Jacopo d’Antonio Sansovino (1486-1570) was a master sculptor and architect traditionally credited with introducing the style of the High Renaissance into Venice. He is best known for his works in and around the Piazza San Marco in that city. Sansovino’s Biblioteca Marciana was praised by Andrea Palladio as the best building erected since Antiquity. It is one of Venice’s most richly decorated Renaissance structures, which stands in front of the Doge’s palace, across from the piazzetta. Construction of this beautiful building spanned 50 years and cost over 30,000 ducats. Through this building, Sansovino successfully introduced the language of classicism—the legacy of ancient Greece and Rome—to the Venetians with their love of Byzantine surface decoration.
Sansovino was born in Florence and apprenticed with Andrea Sansovino whose name he adopted, changing his name from Jacopo Tatti. In Rome, Sansovino attracted the attention of Bramante and Raphael. He is known to have fashioned a wax model of the “Deposition of Christ” for Perugino to use. During the period 1510-17, he shared a studio with the painter Andrea del Sarto. In 1529, Sansovino became chief architect and superintendent of properties to the Procurators of San Marco, making him one of the most influential artists in Venice. The appointment came with a salary of 80 ducats and an apartment near the campanile in San Marco. In addition to the Biblioteca Marciana, Sansovino was responsible for numerous buildings nearby, including the Zecca (public mint), the highly decorated Loggetta and its sculptures adjoining the campanile and various statues and reliefs for the Basilica of San Marco. To these, we could add a large number of churches, palaces and institutional buildings in Venice that he helped to rebuild. Sansovino planned the transformation of the Piazza San Marco into a unified arrangement of structures. Although his plan was still incomplete at the time of his death in 1570, his influence on the Venetian urban landscape has endured to this day.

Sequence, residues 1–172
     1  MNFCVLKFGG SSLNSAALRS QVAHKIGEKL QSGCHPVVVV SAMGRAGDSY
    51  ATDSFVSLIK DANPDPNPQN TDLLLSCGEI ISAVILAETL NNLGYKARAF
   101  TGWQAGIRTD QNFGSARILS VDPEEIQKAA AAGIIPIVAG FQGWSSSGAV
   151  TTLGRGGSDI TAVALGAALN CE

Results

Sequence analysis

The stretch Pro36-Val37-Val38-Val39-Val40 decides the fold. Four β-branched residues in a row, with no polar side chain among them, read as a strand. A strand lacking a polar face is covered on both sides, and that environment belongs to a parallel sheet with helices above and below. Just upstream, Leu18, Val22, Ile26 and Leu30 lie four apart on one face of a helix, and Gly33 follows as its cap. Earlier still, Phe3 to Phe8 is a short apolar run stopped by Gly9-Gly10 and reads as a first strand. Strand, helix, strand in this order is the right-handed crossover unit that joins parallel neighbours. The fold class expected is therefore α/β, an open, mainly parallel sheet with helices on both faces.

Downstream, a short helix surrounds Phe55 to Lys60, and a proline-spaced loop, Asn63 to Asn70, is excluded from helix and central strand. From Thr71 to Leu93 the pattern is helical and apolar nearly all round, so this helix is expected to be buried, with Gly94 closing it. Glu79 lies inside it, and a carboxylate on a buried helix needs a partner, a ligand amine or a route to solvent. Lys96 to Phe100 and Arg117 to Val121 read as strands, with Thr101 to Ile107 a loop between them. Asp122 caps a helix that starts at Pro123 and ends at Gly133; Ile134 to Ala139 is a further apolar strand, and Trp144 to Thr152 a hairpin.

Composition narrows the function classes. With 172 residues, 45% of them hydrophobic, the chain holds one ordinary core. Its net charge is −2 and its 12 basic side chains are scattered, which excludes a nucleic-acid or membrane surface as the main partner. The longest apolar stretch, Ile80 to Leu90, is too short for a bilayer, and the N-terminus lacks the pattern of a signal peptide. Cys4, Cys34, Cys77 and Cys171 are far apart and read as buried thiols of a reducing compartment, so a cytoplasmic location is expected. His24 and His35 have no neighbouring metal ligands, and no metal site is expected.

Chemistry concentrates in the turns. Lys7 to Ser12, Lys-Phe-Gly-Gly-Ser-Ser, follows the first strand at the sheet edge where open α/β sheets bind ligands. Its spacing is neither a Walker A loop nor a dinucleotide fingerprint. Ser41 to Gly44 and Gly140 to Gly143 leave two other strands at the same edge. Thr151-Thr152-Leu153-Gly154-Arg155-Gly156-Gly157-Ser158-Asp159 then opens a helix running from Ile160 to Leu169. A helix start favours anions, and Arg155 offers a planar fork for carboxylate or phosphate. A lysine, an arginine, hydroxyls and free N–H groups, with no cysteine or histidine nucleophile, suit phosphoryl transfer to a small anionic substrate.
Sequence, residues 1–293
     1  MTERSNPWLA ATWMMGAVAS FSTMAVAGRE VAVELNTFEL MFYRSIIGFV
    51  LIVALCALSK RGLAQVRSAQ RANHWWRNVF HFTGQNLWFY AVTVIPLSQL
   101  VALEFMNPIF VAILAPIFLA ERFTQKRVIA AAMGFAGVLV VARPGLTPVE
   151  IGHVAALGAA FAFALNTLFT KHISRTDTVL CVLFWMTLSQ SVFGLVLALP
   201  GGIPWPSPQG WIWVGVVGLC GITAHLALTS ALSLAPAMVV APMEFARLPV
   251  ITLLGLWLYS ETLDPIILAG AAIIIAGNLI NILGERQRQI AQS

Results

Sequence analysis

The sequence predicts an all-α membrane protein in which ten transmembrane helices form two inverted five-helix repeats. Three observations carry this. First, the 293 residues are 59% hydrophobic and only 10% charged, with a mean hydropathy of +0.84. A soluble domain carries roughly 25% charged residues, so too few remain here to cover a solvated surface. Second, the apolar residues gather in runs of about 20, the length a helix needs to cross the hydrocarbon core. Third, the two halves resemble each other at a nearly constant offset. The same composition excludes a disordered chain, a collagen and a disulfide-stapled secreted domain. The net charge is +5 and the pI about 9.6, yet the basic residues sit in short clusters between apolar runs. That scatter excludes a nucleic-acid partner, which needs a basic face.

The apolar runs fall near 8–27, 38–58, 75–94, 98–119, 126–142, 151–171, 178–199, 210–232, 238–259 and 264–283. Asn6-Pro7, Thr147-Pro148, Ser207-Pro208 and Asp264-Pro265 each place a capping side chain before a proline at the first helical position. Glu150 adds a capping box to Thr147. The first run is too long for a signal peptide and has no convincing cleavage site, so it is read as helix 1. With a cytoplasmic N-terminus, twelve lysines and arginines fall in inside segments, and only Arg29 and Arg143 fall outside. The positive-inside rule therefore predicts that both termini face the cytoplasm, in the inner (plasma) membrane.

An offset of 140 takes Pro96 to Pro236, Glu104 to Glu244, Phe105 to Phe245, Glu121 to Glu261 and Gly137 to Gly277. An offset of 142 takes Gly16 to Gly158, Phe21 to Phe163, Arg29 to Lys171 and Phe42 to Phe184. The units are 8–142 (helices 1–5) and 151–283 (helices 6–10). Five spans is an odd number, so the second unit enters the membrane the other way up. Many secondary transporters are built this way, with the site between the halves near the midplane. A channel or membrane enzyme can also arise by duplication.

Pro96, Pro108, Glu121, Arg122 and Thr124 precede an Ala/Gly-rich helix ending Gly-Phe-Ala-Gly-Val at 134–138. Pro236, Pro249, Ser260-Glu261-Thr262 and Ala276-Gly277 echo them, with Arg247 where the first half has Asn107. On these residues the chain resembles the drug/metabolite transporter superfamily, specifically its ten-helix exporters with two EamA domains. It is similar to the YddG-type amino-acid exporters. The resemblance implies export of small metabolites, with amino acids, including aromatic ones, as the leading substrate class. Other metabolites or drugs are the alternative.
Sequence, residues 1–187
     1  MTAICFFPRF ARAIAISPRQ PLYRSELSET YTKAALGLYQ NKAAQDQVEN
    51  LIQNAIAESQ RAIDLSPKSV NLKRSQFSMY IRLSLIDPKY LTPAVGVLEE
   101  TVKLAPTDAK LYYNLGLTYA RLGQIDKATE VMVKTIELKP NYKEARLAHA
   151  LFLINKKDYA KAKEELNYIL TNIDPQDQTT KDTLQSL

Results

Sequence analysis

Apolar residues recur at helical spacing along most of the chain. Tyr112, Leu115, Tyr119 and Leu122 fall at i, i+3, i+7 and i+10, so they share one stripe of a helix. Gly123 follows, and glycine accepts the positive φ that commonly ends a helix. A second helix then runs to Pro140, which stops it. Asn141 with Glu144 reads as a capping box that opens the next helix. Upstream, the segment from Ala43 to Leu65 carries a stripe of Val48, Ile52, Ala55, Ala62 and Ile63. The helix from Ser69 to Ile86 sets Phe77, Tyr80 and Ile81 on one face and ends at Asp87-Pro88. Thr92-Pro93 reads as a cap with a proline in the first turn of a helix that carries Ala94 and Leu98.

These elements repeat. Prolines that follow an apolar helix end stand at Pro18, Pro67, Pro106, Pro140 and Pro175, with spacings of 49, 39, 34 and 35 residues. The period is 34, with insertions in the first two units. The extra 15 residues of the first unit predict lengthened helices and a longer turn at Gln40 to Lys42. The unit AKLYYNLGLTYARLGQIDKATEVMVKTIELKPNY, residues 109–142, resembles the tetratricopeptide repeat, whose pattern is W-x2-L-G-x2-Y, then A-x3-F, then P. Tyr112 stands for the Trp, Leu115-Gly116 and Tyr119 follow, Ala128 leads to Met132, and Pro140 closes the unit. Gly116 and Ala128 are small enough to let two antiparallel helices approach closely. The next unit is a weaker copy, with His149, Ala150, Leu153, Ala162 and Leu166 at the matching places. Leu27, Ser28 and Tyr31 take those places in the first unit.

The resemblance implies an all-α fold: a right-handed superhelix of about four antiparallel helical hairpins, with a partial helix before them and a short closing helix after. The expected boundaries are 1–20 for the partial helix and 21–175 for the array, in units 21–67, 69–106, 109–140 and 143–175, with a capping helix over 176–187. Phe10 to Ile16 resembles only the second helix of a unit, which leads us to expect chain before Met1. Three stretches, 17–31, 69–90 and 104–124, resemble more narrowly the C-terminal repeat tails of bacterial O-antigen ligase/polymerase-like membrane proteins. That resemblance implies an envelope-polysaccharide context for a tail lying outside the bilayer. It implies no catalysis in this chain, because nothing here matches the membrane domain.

Yet, despite this impressive legacy, Jacopo Sansovino is less well-known to American visitors than many of his Venetian contemporaries such as Titan or Tintoretto. He is, however, widely admired and studied by countless art historians who specialize in Italian Renaissance art. In the Cleveland Museum of Art will be found a bronze statuette of the “Madonna and Child,” made in the early 1530s and signed along its base: JACOBVS SANSOV, truncated Latin for “Jacopo Sansovino.” Standing a little more than 18 inches in height, this small statuette emphasizes the artist’s prominence as a sculptor in addition to his role as an architect. On the bronze, we may note Mary’s classicizing head reminiscent of the sculpture of ancient Rome with her veil partially pulled back to expose her hair. This underscores Venice’s role as a center for humanism and classical studies. Artists rarely signed bronzes in this period, so Sansovino’s name on the base indicates this work’s importance. The original patron has not yet been identified. While the statuette may have been made for a private client for use in a home, study or private chapel, it is also possible that the bronze was part of a larger ensemble of figures intended to be used in an altar environment within a church. Why did Sansovino choose to sign this particular sculpture when most others were left unsigned? Possibly it suggests that the bronze was intended for a prominent location or for an important client.
Sansovino’s early Venetian bronzes, such as the statuettes of the Evangelists and the doors of the sacristy of San Marco (1540s), recall the classical grace of his Roman and Florentine periods, but now, like the “Madonna and Child” in Cleveland, reveal a new independence and maturity of conception. His marble statue of the youthful “Saint John the Baptist” (1554) in Santa Maria dei Frari shows the transition from his mature style to that of his old age. Among the works showing his severe late style are the bronze portrait of Tommaso Rangone over the entrance to the Church of San Giuliano (1554), which Sansovino also designed, and the colossal statues of Mars and Neptune (1554-56). We could also add the monument to Doge Francesco Venier in the Church of San Salvatore (1556-61).
Many of Sansovino’s most important works were originally conceived as decorative elements for his architecture. He was perhaps more successful than any other Renaissance architect in fusing architecture and sculpture in this way. Sansovino’s signed figure of the standing “Madonna and Child” in Cleveland is tangible evidence of the prodigious output and importance of this gifted artist in Renaissance Venice.